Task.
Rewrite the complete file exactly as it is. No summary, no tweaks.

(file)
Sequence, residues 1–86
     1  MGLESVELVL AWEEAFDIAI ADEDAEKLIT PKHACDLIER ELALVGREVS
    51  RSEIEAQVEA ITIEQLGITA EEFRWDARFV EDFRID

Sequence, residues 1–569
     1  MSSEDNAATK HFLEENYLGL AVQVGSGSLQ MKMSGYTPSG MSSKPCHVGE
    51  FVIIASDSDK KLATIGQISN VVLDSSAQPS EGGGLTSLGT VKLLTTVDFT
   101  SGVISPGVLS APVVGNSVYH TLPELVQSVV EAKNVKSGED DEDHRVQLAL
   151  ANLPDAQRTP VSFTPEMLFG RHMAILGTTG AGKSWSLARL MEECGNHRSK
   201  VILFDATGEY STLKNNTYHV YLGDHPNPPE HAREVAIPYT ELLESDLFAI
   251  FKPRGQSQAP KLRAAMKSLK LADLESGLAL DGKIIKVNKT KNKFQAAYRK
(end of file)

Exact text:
Sequence, residues 1–86
     1  MGLESVELVL AWEEAFDIAI ADEDAEKLIT PKHACDLIER ELALVGREVS
    51  RSEIEAQVEA ITIEQLGITA EEFRWDARFV EDFRID

Sequence, residues 1–569
     1  MSSEDNAATK HFLEENYLGL AVQVGSGSLQ MKMSGYTPSG MSSKPCHVGE
    51  FVIIASDSDK KLATIGQISN VVLDSSAQPS EGGGLTSLGT VKLLTTVDFT
   101  SGVISPGVLS APVVGNSVYH TLPELVQSVV EAKNVKSGED DEDHRVQLAL
   151  ANLPDAQRTP VSFTPEMLFG RHMAILGTTG AGKSWSLARL MEECGNHRSK
   201  VILFDATGEY STLKNNTYHV YLGDHPNPPE HAREVAIPYT ELLESDLFAI
   251  FKPRGQSQAP KLRAAMKSLK LADLESGLAL DGKIIKVNKT KNKFQAAYRK